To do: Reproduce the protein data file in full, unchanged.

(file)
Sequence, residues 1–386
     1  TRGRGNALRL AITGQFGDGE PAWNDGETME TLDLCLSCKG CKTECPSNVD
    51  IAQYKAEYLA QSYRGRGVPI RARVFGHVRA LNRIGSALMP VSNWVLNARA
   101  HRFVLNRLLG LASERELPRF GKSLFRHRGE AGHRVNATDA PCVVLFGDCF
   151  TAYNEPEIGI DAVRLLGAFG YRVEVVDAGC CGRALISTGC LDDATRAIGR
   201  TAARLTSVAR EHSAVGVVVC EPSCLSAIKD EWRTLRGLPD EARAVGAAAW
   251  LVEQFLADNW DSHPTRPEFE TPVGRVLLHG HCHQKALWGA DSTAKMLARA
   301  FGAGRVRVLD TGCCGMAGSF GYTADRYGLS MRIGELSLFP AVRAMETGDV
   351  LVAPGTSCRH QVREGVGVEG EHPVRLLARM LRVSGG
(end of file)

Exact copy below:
Sequence, residues 1–386
     1  TRGRGNALRL AITGQFGDGE PAWNDGETME TLDLCLSCKG CKTECPSNVD
    51  IAQYKAEYLA QSYRGRGVPI RARVFGHVRA LNRIGSALMP VSNWVLNARA
   101  HRFVLNRLLG LASERELPRF GKSLFRHRGE AGHRVNATDA PCVVLFGDCF
   151  TAYNEPEIGI DAVRLLGAFG YRVEVVDAGC CGRALISTGC LDDATRAIGR
   201  TAARLTSVAR EHSAVGVVVC EPSCLSAIKD EWRTLRGLPD EARAVGAAAW
   251  LVEQFLADNW DSHPTRPEFE TPVGRVLLHG HCHQKALWGA DSTAKMLARA
   301  FGAGRVRVLD TGCCGMAGSF GYTADRYGLS MRIGELSLFP AVRAMETGDV
   351  LVAPGTSCRH QVREGVGVEG EHPVRLLARM LRVSGG